I would also be interested to know how gender figures into Benson’s arguments. Gender structures and hierarchies are always crucial to any revolution struggle and central to the process of nation-building. This is perhaps best seen in Che’s theory of “the new man,” which became one of the defining ideologies of the Revolution. Che’s “new man” was indeed a radical subject, but he was also implicitly white, male, and heterosexual. Benson mentions the actions and investments of Black women at several points in the text, but I wanted to know more about how their stories changed the overall narrative. How would an intersectional analysis shift the ways in which we understand the racial dimensions of the Revolution? Did women see their struggles as linked to those of Blacks as a group, or vice-versa? How were the Revolution’s ideas about marriage, family, and sexuality received within Black communities? In other words, how did gender impact the ways in which Black Cubans responded to the post-1959 revolutionary struggle?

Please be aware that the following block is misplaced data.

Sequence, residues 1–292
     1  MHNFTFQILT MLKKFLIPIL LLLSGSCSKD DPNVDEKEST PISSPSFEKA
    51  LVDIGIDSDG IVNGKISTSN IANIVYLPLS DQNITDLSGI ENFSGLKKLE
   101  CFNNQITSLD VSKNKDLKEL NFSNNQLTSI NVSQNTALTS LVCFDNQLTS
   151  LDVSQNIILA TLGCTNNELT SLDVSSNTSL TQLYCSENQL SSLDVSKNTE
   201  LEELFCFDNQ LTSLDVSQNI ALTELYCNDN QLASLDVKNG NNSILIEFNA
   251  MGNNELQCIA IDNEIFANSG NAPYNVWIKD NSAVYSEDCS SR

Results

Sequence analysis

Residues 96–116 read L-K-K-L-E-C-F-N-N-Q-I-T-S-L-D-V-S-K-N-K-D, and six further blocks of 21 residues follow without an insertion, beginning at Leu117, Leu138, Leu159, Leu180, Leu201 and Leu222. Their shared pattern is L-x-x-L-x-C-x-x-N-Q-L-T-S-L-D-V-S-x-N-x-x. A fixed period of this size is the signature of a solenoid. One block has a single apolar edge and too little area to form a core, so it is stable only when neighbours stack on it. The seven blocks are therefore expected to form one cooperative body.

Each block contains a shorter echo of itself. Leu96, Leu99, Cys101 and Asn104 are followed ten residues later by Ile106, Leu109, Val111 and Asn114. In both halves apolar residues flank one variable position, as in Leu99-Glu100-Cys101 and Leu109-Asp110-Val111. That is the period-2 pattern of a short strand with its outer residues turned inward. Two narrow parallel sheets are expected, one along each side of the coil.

My final question is about Cuba’s relationship to anti-colonial movements on the African continent. In 1975 Cuba launched Operation Carlota in support of Angola’s anticolonial struggle against Portugal. However, Cuba had developed informal ties with the Angolan liberation movement long before that time, with Che solidifying a formal alliance with the MPLA in 1965. How did this support for Angola and other African anticolonial movements make its way into Cuba’s internationalist rhetoric during these early years? How did Black Cubans interpret this rhetoric? Did the revolution’s support of African liberation movements increase its legitimacy in the eyes of Black Cubans? Were black activists attracted to this aspect of Cuba’s foreign policy, or somehow involved in helping to shape it? I offer these questions as food for thought, inspired by a bold, exciting, and groundbreaking book.

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Aisha Finch

Aisha Finch is an Associate Professor of Gender Studies and African American Studies at UCLA. Her areas of research and teaching include comparative slavery; political and intellectual movements in Cuba, Latin America, and the African Diaspora; gender ideologies in the Caribbean, and black feminist thought. She is the author of Rethinking Slave Rebellion in Cuba: La Escalera and the Insurgencies of 1841-1844 (University of North Carolina Press, 2015). The book was awarded the 2016 Harriet Tubman Prize and was also a finalist for the 2016 Frederick Douglass Book Prize.